—Franklin D. Roosevelt, 32nd President of the United States
Image from Unsplash by Brandon Morgan
If I could go back in time, and Roosevelt had asked me for coaching on this statement, I would have encouraged a bit of editing.
What if it instead read, “Happiness lies in the joy of creative effort and the thrill of achievement”?
I suggest that the time we spend in our creative efforts could comprise the bulk of our days, whereas the thrill of achievement is often more finite and short-lived.
Where and in what ways can and will you use and apply your most creative and joyful efforts to realize the thrilling achievements and happiness you desire?
“Are you following a path, or blazing one?”
-Michael Bungay Stanier, Sr. Partner of Box of Crayons
Image from Flickr by Vinoth Chandar
We are all creatures of habit. Just take a look at a typical day to explore all of the routines and rituals that engage your time.
The good news is that habits are often extremely helpful in that they usually provide us the necessary momentum to pursue and achieve many of our goals.
On the other hand, new goals that we passionately desire rarely come to fruition because we continue to follow our current path, using familiar strategies and tactics.
Where and on what personal or professional goals is blazing a path the thing to do to achieve what you most desire? What new and different behaviors and attitudes will be required to do so?
“There’s no such thing as overachievers; there are only under estimators.”
Image from pass-it-on.tumbler.com
What is your potential for achievement? Perhaps the better question is, “What is your perception of your potential?”
People never simply luck out and exceed their expectations. They have to work at it.
Too many people, on the other hand, have a more limited or modest view of what they can achieve. Even if they hit their mark, they are often shooting at a less than optimal target.
Where in either your personal or professional life is it appropriate, even necessary, to stretch and overestimate your capabilities to achieve your most highly desired objectives?
“Well begun is half done.”
—Cited by Aristotle as an ancient proverb
Image from Data49
When was the last time you were super satisfied with something you had done or accomplished? Take a few seconds to bask in the joy and pleasure of that event.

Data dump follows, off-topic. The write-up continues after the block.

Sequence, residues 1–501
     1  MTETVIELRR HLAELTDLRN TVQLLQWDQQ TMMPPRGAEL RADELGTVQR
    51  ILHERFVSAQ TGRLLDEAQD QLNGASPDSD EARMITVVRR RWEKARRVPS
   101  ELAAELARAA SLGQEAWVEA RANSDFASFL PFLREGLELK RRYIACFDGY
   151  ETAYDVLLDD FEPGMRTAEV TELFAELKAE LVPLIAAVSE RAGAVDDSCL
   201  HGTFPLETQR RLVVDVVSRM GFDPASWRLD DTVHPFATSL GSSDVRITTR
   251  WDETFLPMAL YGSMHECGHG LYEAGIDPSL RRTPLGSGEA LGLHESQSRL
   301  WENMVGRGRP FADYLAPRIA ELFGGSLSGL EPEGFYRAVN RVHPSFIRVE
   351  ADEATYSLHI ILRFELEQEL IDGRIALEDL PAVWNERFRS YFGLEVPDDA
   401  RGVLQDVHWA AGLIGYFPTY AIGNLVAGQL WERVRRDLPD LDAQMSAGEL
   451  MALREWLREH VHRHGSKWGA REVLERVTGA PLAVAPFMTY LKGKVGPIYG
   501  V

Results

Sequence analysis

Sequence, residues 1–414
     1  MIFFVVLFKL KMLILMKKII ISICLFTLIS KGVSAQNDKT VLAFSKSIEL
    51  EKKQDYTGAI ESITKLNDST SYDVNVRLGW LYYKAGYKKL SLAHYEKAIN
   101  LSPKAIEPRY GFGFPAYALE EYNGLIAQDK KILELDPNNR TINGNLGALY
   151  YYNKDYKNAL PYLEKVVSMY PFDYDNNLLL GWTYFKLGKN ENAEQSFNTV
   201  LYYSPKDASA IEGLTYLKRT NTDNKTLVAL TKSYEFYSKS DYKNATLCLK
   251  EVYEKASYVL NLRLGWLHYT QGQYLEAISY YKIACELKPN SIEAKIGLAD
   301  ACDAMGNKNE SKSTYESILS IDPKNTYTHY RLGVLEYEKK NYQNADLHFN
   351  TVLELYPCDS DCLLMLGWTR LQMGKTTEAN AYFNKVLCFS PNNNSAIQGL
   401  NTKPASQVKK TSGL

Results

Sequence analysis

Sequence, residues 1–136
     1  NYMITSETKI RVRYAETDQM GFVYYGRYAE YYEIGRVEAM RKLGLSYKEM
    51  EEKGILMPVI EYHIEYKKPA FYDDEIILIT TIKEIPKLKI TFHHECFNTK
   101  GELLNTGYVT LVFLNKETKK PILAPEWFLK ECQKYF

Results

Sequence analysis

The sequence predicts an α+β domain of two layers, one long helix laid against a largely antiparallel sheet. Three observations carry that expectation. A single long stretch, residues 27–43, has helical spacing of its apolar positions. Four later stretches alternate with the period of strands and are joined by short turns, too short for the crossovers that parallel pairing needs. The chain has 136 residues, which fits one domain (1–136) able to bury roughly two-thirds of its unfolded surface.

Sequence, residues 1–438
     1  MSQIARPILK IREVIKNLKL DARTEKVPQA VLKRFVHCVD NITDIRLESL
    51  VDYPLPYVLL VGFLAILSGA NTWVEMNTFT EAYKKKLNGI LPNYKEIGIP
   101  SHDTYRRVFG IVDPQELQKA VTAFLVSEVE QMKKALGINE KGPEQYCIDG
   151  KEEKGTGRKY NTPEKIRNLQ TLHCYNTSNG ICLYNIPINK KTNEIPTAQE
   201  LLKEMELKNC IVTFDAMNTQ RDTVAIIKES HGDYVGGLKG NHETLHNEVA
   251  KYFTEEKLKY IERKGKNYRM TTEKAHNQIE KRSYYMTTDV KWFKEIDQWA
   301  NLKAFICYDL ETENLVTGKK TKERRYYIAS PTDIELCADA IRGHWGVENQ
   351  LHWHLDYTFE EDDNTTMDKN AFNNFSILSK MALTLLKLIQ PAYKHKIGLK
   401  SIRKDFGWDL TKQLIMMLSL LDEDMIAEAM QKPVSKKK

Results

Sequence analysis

What would it be like to feel that way all the time, or at least more often?
What gets in the way?
We all know that putting things off acts like an anchor on our lives. Not only do we not achieve what we deeply desire, but most of us do a good job of beating ourselves up about it. That places an even bigger and darker cloud over our lives.
Select at least one personal or professional project you will initiate and follow through on today to experience the satisfaction and exhilaration of Aristotle’s coaching.
“How will you measure your life?”
—Clayton M. Christensen, Harvard Business Professor
Today’s quote stopped me in my tracks and caused me to sit down to examine its profundity. I then watched Mr. Christensen’s TEDx Boston talk from 2012, to see what this Harvard Professor had to say.
This is a question we must all answer for ourselves, based on many factors. I looked at the personal and professional achievements that measured me against others, and more importantly, against myself. My conclusion here was that personal development and growth have always been measuring sticks for me. What became more of a priority for me was the measure of family, and the development of close, collaborative relationships. In this area, contribution and making a difference in people’s lives was paramount.
When Clayton stated, in his talk, that God does not employ accountants and statisticians, I wondered what I’d like people to say upon my passing. This caused me to set about my efforts far more intentionally, so that I might fulfill my purpose.
Explore setting up a discussion group within your personal and professional communities to ask and answer this question for yourself.
I’d love to hear your thoughts, and what you discovered.